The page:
A Different 9/11 »

For AVweb editor Glenn Pew, five years of building and many more years of scheming to complete his one-of-a-kind, (almost) 200-mph, 3000-fpm, fully aerobatic kitplane would prove its worth in one day -- first flight. Unfortunately, some things don't work out the way you hope. More

Flight Data System's Air-Data Fuel Performance Computer »

In a quest to bring some glass-cockpit technology to their homebuilt, a couple of guys created an air-data computer with a very simple interface, small size, and low price, but with all the necessary features. Mike Corder, like many pilots they met, wanted one for himself and brings us this review. More

Wooden It Be Lovely? — Part Five: Details, Details »

In this installment of his series documenting construction of a Pietenpol homebuilt, AVweb's Matt Paxton discusses things big and small -- attaching the empennage, control sticks, and instrument panel. Now in the fourth year of construction, Matt has some expected and unexpected hurdles to overcome. More

Experimental Aircraft Rentals »

The face of flight training is changing, at least in some circles. A relatively recent and little-known EAA exemption is allowing the owners of experimental aircraft to rent their flying machines legally for the first time. A few intrepid flight instructors have taken up the challenge and are expanding their list of services to include flight training in these unique machines. Jamie Beckett relates the story of one of the pioneers who is renting an experimental airplane for fun and profit. More

Sun 'N Fun's Winter RV Fly-In »

As the mercury languishes below freezing, the approaching air show season may seem a long ways away in some locales but not in Lakeland, Florida. Down at Sun 'n Fun, they kicked off the year with an RV Fly-In that may become an annual event. Jamie Beckett was there and shares his observations (and photos) with us. More

Wooden It Be Lovely? — Part Four: Fashioning the Fuselage »

After a brief hiatus, AVweb's Matt Paxton is back to work on his Pietenpol homebuilding project. In earlier segments, Matt discussed kicking the project off, building the wings, and searching for new ideas at a type fly-in. This time around, he's assembling the fuselage. At the end of the day, he finally has a place to sit. More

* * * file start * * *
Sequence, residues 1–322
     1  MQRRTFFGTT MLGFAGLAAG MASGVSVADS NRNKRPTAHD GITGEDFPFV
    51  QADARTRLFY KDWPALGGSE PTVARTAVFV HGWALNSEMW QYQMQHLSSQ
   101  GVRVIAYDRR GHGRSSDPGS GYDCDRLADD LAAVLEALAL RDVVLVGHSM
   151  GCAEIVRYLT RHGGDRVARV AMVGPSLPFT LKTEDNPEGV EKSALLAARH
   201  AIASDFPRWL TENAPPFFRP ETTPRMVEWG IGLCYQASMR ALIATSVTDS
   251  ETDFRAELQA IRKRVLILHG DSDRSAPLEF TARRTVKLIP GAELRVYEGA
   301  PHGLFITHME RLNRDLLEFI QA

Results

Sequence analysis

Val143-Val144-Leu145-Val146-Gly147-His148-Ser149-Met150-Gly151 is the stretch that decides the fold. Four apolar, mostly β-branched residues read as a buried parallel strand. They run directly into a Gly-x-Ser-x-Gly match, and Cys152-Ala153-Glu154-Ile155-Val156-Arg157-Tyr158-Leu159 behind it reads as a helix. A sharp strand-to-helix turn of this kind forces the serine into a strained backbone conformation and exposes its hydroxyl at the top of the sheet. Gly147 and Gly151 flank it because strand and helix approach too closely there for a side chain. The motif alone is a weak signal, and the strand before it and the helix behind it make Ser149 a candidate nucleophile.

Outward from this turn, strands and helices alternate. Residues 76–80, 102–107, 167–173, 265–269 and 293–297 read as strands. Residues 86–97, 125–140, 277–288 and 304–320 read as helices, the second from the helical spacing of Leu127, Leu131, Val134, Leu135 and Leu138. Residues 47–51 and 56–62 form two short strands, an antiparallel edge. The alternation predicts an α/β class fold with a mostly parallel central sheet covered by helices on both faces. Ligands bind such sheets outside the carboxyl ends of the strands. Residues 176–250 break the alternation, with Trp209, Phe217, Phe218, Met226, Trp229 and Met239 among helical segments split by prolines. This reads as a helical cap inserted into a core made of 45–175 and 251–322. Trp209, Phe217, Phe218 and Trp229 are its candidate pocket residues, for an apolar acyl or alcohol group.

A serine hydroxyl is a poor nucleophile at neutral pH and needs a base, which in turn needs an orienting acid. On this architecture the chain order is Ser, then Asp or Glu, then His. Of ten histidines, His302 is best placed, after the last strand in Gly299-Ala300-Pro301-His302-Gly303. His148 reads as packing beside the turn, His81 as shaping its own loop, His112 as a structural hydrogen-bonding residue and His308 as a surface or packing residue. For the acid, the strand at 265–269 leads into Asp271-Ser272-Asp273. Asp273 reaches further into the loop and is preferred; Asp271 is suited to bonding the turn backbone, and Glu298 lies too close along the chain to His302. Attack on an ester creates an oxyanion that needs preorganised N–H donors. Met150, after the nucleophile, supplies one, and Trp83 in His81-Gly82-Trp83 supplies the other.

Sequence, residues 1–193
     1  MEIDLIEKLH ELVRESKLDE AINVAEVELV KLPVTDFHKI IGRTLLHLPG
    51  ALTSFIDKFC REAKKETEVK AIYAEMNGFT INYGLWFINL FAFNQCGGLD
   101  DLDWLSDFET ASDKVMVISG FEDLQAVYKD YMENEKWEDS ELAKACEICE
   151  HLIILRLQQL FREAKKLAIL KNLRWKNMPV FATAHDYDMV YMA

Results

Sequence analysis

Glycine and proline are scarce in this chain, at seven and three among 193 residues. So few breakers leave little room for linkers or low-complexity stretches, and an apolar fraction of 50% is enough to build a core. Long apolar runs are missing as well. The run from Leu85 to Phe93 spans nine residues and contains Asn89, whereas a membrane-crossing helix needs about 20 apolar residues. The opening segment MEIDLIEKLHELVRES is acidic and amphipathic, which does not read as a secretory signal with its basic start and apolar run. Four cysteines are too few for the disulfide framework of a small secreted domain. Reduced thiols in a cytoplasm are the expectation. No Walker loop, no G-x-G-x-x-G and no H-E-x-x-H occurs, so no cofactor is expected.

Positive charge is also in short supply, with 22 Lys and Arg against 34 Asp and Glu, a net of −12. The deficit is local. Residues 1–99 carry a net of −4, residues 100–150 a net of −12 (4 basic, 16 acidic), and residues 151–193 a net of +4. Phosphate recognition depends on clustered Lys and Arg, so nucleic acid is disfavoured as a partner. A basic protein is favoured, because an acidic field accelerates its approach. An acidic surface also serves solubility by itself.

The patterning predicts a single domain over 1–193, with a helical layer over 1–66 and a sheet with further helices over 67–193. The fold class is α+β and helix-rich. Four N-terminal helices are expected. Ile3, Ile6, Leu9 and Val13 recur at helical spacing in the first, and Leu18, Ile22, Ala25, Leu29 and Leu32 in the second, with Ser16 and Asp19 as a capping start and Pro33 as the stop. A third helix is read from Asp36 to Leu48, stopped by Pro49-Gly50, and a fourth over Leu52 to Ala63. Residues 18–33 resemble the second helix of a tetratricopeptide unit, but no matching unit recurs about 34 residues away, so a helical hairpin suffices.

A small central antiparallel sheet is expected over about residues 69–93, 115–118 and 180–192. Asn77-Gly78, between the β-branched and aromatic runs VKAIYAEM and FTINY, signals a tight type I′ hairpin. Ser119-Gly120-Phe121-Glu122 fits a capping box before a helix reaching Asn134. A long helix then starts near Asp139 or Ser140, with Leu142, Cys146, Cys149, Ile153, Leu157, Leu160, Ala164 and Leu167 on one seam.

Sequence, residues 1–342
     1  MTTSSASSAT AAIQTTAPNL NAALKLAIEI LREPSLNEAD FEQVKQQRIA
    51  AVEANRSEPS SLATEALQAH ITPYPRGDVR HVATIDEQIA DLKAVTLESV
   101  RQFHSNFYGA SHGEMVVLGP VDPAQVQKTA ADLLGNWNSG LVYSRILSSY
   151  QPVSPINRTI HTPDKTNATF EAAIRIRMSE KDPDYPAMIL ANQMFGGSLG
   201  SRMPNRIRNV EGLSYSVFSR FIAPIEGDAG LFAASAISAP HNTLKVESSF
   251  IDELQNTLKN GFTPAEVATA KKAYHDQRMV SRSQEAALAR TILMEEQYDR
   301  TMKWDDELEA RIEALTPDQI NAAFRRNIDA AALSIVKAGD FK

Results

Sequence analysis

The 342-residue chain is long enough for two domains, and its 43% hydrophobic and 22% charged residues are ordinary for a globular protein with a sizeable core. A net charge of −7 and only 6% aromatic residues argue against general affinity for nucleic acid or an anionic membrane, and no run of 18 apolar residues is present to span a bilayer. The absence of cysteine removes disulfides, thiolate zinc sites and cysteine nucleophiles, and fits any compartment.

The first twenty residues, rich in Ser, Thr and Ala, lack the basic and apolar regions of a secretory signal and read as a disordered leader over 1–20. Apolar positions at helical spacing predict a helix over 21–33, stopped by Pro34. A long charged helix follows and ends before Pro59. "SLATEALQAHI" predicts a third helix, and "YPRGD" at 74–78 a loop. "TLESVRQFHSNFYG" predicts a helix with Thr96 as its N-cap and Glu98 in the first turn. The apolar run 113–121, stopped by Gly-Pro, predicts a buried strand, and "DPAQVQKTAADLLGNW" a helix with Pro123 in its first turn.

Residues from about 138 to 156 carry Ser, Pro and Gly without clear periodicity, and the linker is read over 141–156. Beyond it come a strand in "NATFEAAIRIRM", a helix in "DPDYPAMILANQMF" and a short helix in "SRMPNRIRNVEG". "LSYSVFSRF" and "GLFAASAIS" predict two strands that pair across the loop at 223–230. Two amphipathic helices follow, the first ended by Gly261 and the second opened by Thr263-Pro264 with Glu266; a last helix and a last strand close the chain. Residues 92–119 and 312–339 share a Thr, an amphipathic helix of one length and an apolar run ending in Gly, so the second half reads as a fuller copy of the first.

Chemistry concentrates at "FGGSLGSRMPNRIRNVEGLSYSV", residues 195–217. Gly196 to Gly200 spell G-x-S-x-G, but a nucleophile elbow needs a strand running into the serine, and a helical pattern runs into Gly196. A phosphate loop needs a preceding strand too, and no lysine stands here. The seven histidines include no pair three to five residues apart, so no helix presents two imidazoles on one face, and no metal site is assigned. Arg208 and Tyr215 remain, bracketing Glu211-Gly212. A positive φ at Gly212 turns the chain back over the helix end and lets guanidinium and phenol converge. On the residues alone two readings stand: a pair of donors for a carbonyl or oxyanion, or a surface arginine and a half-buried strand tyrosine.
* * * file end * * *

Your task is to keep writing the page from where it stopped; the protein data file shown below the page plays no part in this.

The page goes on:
Interiors, Legalities, and Part 91 Aircraft »

AVweb reader Greg Amy refurbished the interior of his Grumman Tiger with automotive cloth and vinyl materials, but subsequently became concerned about whether those materials were legal for use in his aircraft. His research led him through a veritable morass of conflicting and contradictory guidance from FARs, Advisory Circulars, FAA-Designated Engineering Representatives, FAA-approved testing labs, and a National Resource Specialist from FAA Headquarters. Greg's ordeal in trying to get a straight answer to a simple certification question helps explain both why the FAA employs so many lawyers, and why so many pilots are drawn to homebuilt aircraft. More

Wooden It Be Lovely? — Part Three: The Brodhead Brotherhood »

Anyone working on a kit-built aircraft would be well advised to reach out to others who have been through the process, check out their solutions to vexing problems and build a support network. So it was earlier this year when AVweb's Matt Paxton who's building his very own Pietenpol Air camper made the pilgrimage to Brodhead, Wis., for the annual Brodhead Pietenpol Fly-in. More

Wooden It Be Lovely? — Part Two: Building the Wings »

Few of us have the courage, attention span, or time to build a kitplane, much less a plans-build aircraft from scratch. But AVweb's Matt Paxton does, and he continues his saga of building a classic Pietenpol Air Camper. In Part Two, Matt takes us through the joys and agonies of constructing the most critical part of any airplane: the wings. What's it like to start with a stack of aircraft-grade spruce and some blueprints, and wind up with 32 bent-and-glued ribs, spars, struts, leading and trailing edges, all jigged and mated and trammeled into a wing that flies straight and true? Well, for one thing, plan on it taking 15 months ... More